II. But then we observe that another branch of this rule is, that the Christ of God, who is “come in the flesh,” is not only come to represent his people who are in union to him, but he is come to accomplish a complete salvation for them. Not come to make it possible for them to save themselves; not come to open a way whereby, through their exertions, they may secure their own salvation. A Christ of that nature is one of the devil’s inventing. It is antichrist. It is not the Christ of God. No, no. The Christ of God is come “to put away sin,” “to finish transgression and to make an end of sin, and to bring in everlasting righteousness,” to “redeem from all iniquity,” and to “redeem unto God.” So we find, when the Holy Ghost is speaking upon the subject, he says, “Husbands, love your wives, as Christ also loved the church, and gave himself for it.” Do you not see, beloved, how it is? Has God made you to feel it? If this little word it gets into your conscience, it is a blessed thing, if God the Spirit puts it there. He gave himself for it. Not “gave himself” indefinitely “for all sin of all men,”—the doctrine of the day, to accomplish a great salvation, and make it possible for those who please to save themselves; that is antichrist; I do not care who preaches it, nor who believes it; it is not the Christ of God. No, no. God’s Christ has finished transgression, and made a complete atonement for sin; such an atonement that, as the Holy Ghost solemnly declares, “the redeemed of the Lord shall come to Zion with songs and everlasting joy upon their heads, and sorrow and sighing shall flee away.” Now the Christ that you believe in and have felt in your soul, is it a Christ of this nature? Or is it a Christ that you say gives all men a chance of being saved, has done the best he can to save them, has made it possible for them to accomplish the conditions of salvation and so to save themselves? That is antichrist; as the living God is in heaven, that is not his Christ. God’s Christ has so completed the work that all the perfections of the Eternal Jehovah harmonize in it, to the complete salvation of God’s people. Hence it is said that “Israel shall be saved in the Lord;” not have a chance of being saved. A chance of being saved? Why, bless you, when I hear men talk about a chance of being saved, I am led to reflect— Then the declarative glory of the Eternal Trinity hangs upon a chance; the honour of God the Father hangs upon chance; the honour and effect of the work of God the Son hangs upon chance; the honour of God the Spirit, in his quickening, enlightening, sanctifying power, hangs upon chance! And that chance, too, to be accomplished by man—a poor, dying, crawling reptile!—the eternal Trinity having to wait in heaven to see if perchance we will let him work! Talk of Christ! It is antichrist. It is an insulting of God’s Christ; a despising of the Christ God has revealed in his Word and makes known in the hearts and consciences of his people.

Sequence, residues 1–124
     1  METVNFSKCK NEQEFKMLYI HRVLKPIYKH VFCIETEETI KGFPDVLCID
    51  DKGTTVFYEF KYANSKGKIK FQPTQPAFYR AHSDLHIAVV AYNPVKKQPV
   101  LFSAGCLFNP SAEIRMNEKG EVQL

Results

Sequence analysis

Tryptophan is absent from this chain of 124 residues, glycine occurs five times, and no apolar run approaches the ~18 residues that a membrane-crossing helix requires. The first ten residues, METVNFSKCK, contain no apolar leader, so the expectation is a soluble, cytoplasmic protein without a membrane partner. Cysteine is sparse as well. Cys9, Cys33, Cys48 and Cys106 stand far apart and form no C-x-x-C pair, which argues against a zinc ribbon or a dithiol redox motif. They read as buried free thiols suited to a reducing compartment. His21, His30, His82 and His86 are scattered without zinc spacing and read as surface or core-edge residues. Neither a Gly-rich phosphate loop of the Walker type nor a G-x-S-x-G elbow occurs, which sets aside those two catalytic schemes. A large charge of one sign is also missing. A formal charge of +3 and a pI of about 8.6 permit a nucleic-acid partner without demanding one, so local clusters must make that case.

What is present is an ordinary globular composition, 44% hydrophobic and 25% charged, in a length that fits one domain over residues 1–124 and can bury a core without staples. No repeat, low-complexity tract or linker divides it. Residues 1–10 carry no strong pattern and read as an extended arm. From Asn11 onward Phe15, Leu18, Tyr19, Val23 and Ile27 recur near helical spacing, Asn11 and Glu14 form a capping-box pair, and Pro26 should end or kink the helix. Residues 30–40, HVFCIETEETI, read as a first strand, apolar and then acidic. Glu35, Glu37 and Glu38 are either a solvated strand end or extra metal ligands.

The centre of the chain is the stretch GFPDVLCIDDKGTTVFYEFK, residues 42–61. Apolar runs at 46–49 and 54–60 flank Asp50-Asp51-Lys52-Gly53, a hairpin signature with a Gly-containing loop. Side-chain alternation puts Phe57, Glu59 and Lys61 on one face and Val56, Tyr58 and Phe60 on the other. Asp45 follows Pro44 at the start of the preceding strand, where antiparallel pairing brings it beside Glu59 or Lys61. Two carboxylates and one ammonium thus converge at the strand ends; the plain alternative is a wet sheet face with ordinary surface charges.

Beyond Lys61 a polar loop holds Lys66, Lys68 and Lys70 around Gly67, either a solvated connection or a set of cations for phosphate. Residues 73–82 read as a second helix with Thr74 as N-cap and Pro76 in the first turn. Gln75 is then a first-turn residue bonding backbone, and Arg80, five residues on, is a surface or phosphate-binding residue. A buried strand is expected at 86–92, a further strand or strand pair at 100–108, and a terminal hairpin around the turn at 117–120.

If we believe that God’s Christ “is come in the flesh,” then, we believe that he has come as the Head and Representive of his people, and that he has completed their salvation and entirely finished the work. Yea, bless his holy name, we are brought to believe and feel in our souls that he has accomplished such a work that it can neither be mended nor marred. The manifestation of it may go through a variety of changes, and we through a variety of changes under it; but the work is as firm as the throne of God, and it shall stand for ever. “His work is perfect; a God of truth, and without iniquity, just and right is he.” The Christ of God that has “come in the flesh” is one that has accomplished this blessed, this God-glorifying work. Any other Christ is not the Christ of God, but it is antichrist, another Jesus, one of those “false Christs” that the Lord said should arise, and should deceive many; and so, God knows, there are many who are deceived.
III. But, then, we observe further, the Lord Christ that is “come in the flesh” is that blessed Christ that has wrought out a complete righteousness for the justification of his people; not only atoned for their sins, but wrought out a righteousness, to present them just and perfect and righteous in his blessed and pure obedience.
I know some people say, “O yes; we have a righteousness through Christ; he has accomplished such a work that if we are faithful and add our faithfulness to his work, we shall obtain righteousness and holiness too; but not without.” Why, then, the Christ that has done that is not God’s Christ; it is antichrist. The Christ of God that has “come in the flesh,” is emphatically called “The Lord our righteousness;” and God tells us plainly that it is not through, but “in the Lord,” that “all the seed of Israel shall be justified.” And this is the reason why an inspired Paul was anxiously concerned “to be found in Christ, not having his own righteousness.” “Not having your own righteousness,” Paul? Why, you were a very zealous man, a pious man, a suffering man, a man led to undergo a great deal for Christ, in shipwrecks, and prisons, and stripes, and perils, and after all cannot you wear your own righteousness? No, says Paul; do not let me have that on! Well, but what righteousness could Paul wish to appear in then? “Not having mine own righteousness, which is of the law, but that which is through the faith of Christ, the righteousness which is of God by faith.” And here it is, that the poor child of God is brought, in solemn silence sometimes and in solemn awe, to bow before God, when “clothed and in his right mind,” and to see that he is “complete in Christ;” complete in him, who is “Head over all principalities and powers,” “God blessed for ever.”